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UCC needs a female S.R.C president now

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Thu, 21 Dec 2017 Source: Wilhelmina Nettey-Dodd

UCC needs a female S.R.C president now. The University of Cape Coast, which co-extends with the Ghanaian society, for the records has never experienced a female leadership as paramount head of the student body. The Ghanaian society has been characterized with male chauvinism which is evident in our school SRC leadership and even the country as a whole.

We are all aware of the recent bullying of Hon. Samia Yaba Nkrumah when she contested for the flagbearership position of the Convention Peoples Party. We are also aware of the current speculations and accusations on the current Electoral Commission boss, Mrs. Charlotte Osei. It has almost become a norm in our society that as far as one is a woman, the room for certain key positions should not be opened to her, even if you are competent enough to handle it better than a male. It has become a tradition that somehow females in UCC only deserve an appointed Vice Presidential position, secretary positions, and other female designated positions.

I was very excited and proud when University of Ghana broke from the shackles of this primitive thinking. UCC is yet to experience a revolution from this harrowing thought, and am confident that our intellectual students are ready to break from this dogma, as Ghana’s premier school has set the pace already.

I sincerely would have thought twice about writing this piece if our male leaders have over the years been productive and epitome of good leadership. On the contrary, there have always been speculations of corruption, embezzlements of funds, and all sorts of unacceptable social traits attached to male presidential leadership of our S.R.C. The heart of a woman as leader towards her children is always more caring than that of a man. We can testify this with our parents in our immediate homes.

History teaches us that female leaders have never compromised their leadership for anything. Mbuya Nehanda of ancient Zimbabwe was killed by the Portuguese when she fought and refused to surrender to them. On the other hand, Nana Prempeh, the Asantehene, surrendered and bowed to the British governor, in fact, Yaa Asantewaa stood up and fought the British when males were afraid to lead this moral cause.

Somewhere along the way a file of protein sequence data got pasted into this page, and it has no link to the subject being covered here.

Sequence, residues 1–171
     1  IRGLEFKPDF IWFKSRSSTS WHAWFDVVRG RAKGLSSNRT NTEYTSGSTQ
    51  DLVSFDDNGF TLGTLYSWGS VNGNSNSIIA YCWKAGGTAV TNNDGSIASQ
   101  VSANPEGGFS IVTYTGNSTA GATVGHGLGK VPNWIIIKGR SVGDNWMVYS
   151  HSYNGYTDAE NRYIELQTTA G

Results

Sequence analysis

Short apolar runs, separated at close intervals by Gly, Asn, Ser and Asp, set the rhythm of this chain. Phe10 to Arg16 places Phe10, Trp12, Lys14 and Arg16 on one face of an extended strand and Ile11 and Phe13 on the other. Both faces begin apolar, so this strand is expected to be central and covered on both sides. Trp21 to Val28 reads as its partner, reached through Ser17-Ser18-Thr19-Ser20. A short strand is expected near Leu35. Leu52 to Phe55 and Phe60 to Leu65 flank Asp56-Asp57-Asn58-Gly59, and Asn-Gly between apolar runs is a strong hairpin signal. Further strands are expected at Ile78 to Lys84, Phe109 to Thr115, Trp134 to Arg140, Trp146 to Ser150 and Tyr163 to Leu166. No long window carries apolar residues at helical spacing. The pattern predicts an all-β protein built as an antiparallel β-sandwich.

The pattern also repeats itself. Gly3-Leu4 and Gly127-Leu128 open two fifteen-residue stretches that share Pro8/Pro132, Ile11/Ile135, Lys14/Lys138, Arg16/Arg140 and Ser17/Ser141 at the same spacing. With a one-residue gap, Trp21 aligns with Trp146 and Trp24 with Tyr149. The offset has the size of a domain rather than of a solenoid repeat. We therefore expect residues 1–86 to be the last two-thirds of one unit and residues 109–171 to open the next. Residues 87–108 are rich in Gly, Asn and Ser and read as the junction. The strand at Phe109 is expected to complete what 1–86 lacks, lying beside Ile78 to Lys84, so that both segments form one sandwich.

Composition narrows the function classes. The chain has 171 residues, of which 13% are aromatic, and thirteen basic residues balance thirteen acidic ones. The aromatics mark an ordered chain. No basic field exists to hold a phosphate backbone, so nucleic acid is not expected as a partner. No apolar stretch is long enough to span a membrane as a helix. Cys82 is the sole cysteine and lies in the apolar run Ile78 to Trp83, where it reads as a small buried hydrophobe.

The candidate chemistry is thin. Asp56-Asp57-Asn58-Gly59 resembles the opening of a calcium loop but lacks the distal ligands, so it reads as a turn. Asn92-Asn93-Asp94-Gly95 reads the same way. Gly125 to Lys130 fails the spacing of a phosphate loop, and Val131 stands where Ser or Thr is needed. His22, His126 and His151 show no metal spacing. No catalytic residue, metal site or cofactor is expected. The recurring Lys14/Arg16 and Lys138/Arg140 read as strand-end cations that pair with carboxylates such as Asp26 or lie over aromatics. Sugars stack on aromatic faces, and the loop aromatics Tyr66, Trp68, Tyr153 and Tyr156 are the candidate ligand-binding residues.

This proves, males most of the time, compromise. Queen Nzinga, who was a queen of the Ndongo kingdom in modern day Zimbabwe stood firm, fought and defeated the Portuguese. Winnie Nomzamo Mandela also stood uncompromisingly in the fight against apartheid in South Africa, when her own husband, Nelson Mandela divorced her and betrayed the fight against apartheid in exchange for the presidency of South Africa.

Female leaders are always persistent in their struggle for justice, equality and righteousness. I have no intension to push a feminist line, am doing this for the sake of equality and the chance to allow women expunge their potentials, and contribute their quota to the development of the SRC of our school.

University of Cape Coast is about fifty –five years old and we cannot boast of a single female S.R.C. president. Two questions unfold in my mind: are we trying to tell ourselves no female is capable of leading the student body, or are we consciously discriminating and preventing females the mandate to lead our student body? I know every sound mind will provide negative answers to these two questions. It is good and enough that our males have played their quota for the past fifty-five years. It is time we open the way for our females to play their part in the spirit of gender equality and balance, which we are all advocate for.

This is a noble call to our female leaders, female organizations, individuals, all students on campus and all external stakeholders who believe in gender equality and potentials of females to rally unceasingly to push for a female leader to the high office of the S. R.C president for all of us to see the capabilities of women. Osagyefo Dr. Kwame Nkrumah wrote, the level of a country’s revolutionary awareness is measured on the political maturity of its women.

Wilhelmina Nettey-Dodd; Student, University of Cape Coast.

Columnist: Wilhelmina Nettey-Dodd